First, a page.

• September 23, 2019

    Hunton's Boston Office Adds Its First Environmental Lawyer

    The former in-house counsel for a Fortune 500 natural gas company joined Hunton Andrews Kurth LLP this month, becoming the first environmental lawyer in the firm's Boston office.

  • September 23, 2019

    Mass. Top Court Denies Hospital's Anti-SLAPP Appeal Again

    Massachusetts' highest appellate court on Monday gave a group of nurses the green light to sue a hospital for defamation based on public statements by its president, saying the suit squares with a previous top court ruling narrowing the anti-Strategic Lawsuit Against Public Participation statute.

  • September 20, 2019

    Constangy Adds Ex-Foley Hoag Immigration Atty In Boston

    Constangy Brooks Smith & Prophete LLP has recruited a former Foley Hoag attorney who has 20 years of experience helping companies of all sizes across various industries secure visas for international workers.

  • September 20, 2019

    Facebook Suspends 'Tens Of Thousands' Of Apps

    Facebook said Friday it has suspended "tens of thousands" of apps that may have misused its members' information, a far higher number than the social giant has previously disclosed amid fallout from the Cambridge Analytica data-harvesting scandal.

  • September 20, 2019

    Similarities To MIT 401(k) Case 'Superficial,' Ivies Insist

    The Massachusetts Institute of Technology's failed bid for an early exit from an Employee Retirement Income Security Act suit should not doom efforts by Cornell and Columbia to escape retirement plan mismanagement suits, the Ivy League schools told a New York federal court.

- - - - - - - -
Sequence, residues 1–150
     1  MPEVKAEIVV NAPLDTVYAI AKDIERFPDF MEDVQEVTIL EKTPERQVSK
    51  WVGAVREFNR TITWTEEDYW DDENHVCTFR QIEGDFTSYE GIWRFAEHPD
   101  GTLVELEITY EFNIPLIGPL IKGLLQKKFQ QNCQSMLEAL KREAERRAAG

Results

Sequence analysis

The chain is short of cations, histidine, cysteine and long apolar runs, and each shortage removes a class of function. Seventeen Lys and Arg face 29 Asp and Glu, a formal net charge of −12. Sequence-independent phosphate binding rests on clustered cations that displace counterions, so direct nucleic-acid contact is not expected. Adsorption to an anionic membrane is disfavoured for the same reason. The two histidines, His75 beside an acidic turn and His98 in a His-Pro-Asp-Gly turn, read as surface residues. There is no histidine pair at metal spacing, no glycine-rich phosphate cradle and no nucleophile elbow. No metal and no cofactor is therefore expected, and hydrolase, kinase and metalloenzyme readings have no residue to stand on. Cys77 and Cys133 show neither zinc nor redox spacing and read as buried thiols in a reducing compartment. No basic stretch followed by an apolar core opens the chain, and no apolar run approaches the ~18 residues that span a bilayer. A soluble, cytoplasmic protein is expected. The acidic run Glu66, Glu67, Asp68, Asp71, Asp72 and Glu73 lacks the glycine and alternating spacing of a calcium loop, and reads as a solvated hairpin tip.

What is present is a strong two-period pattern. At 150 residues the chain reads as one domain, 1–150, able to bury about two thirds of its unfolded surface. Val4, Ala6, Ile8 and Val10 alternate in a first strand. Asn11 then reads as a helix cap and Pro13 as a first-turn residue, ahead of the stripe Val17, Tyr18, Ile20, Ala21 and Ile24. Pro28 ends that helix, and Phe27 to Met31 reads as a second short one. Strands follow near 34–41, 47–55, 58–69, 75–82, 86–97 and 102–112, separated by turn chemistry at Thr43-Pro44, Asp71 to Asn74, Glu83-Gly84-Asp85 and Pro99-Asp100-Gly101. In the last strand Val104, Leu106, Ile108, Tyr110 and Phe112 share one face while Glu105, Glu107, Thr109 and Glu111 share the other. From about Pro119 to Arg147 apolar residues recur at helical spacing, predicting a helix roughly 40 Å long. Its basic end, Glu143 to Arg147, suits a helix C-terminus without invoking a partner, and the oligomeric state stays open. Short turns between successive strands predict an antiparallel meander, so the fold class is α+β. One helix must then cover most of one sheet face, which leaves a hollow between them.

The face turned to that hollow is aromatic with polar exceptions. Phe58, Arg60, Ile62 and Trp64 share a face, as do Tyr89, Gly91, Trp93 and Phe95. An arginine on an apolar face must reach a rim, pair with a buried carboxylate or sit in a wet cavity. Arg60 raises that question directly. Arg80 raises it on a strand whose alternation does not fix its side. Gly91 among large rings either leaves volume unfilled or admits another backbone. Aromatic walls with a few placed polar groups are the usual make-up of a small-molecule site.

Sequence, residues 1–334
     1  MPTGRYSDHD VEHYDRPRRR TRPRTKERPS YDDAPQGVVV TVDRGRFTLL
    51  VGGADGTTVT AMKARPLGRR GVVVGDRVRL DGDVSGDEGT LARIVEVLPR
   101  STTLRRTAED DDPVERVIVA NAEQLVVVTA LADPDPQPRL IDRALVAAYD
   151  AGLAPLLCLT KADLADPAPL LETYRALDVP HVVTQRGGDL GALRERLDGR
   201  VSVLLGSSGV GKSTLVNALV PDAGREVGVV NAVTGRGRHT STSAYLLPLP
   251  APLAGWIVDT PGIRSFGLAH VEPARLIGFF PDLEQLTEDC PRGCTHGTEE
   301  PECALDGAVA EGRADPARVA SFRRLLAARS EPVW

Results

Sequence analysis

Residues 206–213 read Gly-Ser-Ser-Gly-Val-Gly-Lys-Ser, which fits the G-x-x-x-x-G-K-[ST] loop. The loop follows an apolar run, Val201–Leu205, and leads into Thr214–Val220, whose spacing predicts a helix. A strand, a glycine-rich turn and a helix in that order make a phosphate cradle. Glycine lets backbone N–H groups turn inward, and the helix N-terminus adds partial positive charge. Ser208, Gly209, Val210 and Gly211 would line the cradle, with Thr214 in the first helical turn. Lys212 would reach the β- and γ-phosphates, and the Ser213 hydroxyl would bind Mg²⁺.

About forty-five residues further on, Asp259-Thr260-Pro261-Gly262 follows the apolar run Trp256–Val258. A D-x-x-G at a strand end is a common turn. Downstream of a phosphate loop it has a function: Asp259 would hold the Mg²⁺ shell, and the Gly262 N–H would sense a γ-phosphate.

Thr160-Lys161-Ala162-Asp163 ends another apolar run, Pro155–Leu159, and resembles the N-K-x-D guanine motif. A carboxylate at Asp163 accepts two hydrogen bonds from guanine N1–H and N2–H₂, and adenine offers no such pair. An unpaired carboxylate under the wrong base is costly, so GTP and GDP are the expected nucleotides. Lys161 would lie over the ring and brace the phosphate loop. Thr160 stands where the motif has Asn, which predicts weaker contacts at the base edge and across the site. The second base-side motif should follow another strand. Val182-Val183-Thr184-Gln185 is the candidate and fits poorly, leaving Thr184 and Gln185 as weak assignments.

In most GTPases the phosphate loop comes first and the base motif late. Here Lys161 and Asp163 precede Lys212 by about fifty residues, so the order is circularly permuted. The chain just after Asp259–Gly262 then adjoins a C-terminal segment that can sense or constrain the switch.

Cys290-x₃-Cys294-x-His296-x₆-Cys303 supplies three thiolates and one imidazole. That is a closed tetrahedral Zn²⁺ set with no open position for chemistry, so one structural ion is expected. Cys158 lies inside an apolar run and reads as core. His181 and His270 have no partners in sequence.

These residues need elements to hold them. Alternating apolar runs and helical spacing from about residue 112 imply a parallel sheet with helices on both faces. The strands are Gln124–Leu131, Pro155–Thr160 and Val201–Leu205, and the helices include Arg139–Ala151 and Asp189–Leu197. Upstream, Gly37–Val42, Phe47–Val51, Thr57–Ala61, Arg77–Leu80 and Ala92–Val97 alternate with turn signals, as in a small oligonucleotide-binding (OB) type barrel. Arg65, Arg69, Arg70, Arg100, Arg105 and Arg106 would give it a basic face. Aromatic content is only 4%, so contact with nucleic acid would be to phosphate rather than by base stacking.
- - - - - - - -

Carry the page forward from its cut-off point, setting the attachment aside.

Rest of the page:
• September 20, 2019

    Construction Co. Slams Worker's 'Ploy' To DQ Judge

    A former Day & Zimmermann worker concocted a conflict to try to disqualify a federal judge overseeing his suit claiming the company failed to pay overtime, claiming Thursday that he does not like the judge's decisions on conditional certification of collective actions under the Fair Labor Standards Act.

  • September 20, 2019

    1st Circ. Revives Georgeson Tix-For-Votes Fraud Case

    A wild fraud case involving three former Georgeson LLC advisers was revived Friday by the First Circuit, which said a lower court dismissed the case improperly on double jeopardy grounds after their first trial abruptly ended on its next-to-last day because of a shorthanded jury.

  • September 20, 2019

    13 Months Sought For 'Varsity Blues' Parent Who Sued School

    Federal prosecutors said late Thursday a business executive who paid $400,000 to have his son fraudulently admitted to Georgetown University and then sued the school for kicking his son out when the "Varsity Blues" scheme unraveled deserves 13 months in prison.

  • September 20, 2019

    Drugmaker Amag Under Pressure From Activist Investors

    Camber Capital Management on Friday became the second activist investor this month to seek a shake-up at Amag Pharmaceuticals Inc., saying in a securities filing that the Massachusetts-based drugmaker’s stock is undervalued and suggesting board changes may be appropriate.